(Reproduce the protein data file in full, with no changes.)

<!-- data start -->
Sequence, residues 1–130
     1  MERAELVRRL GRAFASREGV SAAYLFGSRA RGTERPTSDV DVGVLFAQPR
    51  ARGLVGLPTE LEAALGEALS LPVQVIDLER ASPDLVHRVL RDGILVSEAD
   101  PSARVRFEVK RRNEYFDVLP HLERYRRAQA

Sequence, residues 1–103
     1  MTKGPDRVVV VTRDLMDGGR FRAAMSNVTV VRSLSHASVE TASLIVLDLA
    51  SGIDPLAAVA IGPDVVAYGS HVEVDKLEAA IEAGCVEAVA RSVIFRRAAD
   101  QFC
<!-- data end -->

Sequence, residues 1–130
     1  MERAELVRRL GRAFASREGV SAAYLFGSRA RGTERPTSDV DVGVLFAQPR
    51  ARGLVGLPTE LEAALGEALS LPVQVIDLER ASPDLVHRVL RDGILVSEAD
   101  PSARVRFEVK RRNEYFDVLP HLERYRRAQA

Sequence, residues 1–103
     1  MTKGPDRVVV VTRDLMDGGR FRAAMSNVTV VRSLSHASVE TASLIVLDLA
    51  SGIDPLAAVA IGPDVVAYGS HVEVDKLEAA IEAGCVEAVA RSVIFRRAAD
   101  QFC